Thursday, December 23, 2004


A barber's tale

When I woke up this morning, to unseasonably warm and rainy weather, I decided to have breakfast at Starbucks, where (I confess) I like to sit in the window and watch the passers-by. True, it is no different from countless other windows. It is located in an unremarkable shopping strip -- a grocery store, a liquor store, a barber shop (complete with the candy-striped lamp), a flower shop, a clothing store, all in a row. Perched in my chair, I look out at the parking spaces and watch the customers rush into the orange glow, hurrying to wait in line for their triple-shot lattes and no-foam caramel macchiatos. Their movements are so mysteriously patterned, predictable even though they are not predetermined. Each person follows a finite set of paths -- from the cars to the coffee, from the cars to the coffee, from the cars to the coffee. If each person held a flashlight, and I took a series of photographs, the composite picture would probably show a few thick streaks of light, winding their way out of the rain and into the store.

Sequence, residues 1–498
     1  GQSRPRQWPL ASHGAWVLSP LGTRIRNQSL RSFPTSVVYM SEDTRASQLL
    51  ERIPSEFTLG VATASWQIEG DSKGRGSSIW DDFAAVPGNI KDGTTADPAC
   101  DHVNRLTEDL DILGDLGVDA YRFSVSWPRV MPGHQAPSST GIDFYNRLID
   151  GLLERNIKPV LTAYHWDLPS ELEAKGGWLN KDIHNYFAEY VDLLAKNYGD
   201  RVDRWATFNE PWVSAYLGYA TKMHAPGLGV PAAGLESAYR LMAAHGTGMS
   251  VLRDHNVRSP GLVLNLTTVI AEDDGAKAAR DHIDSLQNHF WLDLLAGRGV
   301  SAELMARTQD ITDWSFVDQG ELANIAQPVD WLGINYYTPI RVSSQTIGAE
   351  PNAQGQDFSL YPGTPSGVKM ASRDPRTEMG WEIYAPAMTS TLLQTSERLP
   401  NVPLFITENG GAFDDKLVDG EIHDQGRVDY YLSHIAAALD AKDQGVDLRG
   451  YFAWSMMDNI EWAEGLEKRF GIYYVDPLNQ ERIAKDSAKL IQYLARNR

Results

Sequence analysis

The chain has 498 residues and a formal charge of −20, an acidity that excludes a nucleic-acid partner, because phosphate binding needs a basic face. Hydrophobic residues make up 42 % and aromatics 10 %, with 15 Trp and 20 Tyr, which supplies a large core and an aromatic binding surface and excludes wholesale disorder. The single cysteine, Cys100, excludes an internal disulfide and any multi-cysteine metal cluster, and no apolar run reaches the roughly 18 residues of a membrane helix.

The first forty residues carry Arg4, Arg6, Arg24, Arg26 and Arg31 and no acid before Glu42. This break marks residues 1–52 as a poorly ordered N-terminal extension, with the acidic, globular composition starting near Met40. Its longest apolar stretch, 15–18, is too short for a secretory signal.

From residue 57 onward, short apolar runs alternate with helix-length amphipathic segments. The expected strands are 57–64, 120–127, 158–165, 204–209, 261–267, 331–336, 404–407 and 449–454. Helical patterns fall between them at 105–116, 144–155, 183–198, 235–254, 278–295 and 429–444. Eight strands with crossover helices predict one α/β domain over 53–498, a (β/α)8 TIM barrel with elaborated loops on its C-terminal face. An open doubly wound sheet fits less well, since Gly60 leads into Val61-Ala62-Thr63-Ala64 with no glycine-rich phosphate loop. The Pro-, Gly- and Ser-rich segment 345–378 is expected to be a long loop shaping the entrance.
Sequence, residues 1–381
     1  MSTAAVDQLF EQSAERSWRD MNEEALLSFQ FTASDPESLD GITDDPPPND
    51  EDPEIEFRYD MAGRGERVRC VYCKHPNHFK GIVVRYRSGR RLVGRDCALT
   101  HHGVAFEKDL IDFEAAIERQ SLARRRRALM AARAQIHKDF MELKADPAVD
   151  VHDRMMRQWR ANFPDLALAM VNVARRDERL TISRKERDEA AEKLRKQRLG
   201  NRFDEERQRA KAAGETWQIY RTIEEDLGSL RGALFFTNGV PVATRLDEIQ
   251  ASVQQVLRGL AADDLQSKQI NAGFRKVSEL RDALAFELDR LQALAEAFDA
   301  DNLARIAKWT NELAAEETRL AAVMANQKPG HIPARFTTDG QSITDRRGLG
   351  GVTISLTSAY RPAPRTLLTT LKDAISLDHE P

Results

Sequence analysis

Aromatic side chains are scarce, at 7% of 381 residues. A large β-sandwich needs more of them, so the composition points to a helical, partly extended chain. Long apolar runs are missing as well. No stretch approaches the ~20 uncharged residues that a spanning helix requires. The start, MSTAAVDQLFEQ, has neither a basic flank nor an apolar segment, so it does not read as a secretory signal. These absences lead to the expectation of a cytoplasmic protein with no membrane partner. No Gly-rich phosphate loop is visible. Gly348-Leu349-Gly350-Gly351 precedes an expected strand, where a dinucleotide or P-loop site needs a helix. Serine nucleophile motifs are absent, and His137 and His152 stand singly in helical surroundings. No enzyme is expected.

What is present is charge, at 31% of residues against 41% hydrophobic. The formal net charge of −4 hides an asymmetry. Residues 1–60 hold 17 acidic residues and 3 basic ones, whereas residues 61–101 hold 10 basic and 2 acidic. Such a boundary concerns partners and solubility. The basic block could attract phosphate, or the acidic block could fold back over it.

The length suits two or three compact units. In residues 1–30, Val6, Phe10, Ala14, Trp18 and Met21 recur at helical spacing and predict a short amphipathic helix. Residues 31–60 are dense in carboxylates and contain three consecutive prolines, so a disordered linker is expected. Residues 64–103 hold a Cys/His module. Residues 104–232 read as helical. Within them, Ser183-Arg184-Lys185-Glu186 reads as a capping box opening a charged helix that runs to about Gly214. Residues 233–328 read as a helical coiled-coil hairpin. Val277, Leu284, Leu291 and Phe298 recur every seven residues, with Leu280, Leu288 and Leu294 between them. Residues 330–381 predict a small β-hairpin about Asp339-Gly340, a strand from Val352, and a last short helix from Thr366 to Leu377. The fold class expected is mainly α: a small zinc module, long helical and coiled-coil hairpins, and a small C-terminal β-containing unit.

I see a barber step out onto the covered sidewalk, two doors down. He is pushing a customer in a wheelchair. They follow a direct line from the shop to the customer's car, but in a leisurely sort of way, casually chatting like old friends. Instead of following the sidewalk down to the ramp directly in front of my window, the barber pushes the chair straight over the curb. I swear I distinctly see the seated man clap his hands with glee, as though they have just popped a wheelie.

The barber carefully pushes the chair to the far side of the lot, unhurried, unconcerned by the rain. He helps the man into his car. He puts the chair into the back. He waves and walks back to his shop.